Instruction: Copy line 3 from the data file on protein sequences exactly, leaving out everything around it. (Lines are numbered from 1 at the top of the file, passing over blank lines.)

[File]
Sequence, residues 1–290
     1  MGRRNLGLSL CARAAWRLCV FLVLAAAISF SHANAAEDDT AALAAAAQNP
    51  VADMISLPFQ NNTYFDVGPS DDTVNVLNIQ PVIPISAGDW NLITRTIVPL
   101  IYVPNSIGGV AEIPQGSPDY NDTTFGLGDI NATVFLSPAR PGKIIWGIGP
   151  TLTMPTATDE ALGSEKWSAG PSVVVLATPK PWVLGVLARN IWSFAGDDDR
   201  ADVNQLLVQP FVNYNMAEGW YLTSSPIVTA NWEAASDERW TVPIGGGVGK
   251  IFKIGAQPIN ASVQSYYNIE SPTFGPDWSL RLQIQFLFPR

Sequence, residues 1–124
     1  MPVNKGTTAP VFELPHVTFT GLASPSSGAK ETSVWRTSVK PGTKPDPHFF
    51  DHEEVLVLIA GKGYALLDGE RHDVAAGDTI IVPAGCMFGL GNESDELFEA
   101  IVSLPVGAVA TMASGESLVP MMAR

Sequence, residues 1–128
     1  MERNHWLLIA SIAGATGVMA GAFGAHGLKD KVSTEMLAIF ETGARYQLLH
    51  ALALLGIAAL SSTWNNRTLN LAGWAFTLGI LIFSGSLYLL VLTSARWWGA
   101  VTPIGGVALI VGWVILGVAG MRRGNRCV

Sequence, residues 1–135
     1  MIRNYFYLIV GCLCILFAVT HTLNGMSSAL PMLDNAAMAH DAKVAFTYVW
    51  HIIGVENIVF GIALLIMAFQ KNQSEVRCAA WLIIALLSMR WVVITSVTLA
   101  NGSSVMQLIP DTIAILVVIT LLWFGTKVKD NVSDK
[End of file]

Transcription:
    51  VADMISLPFQ NNTYFDVGPS DDTVNVLNIQ PVIPISAGDW NLITRTIVPL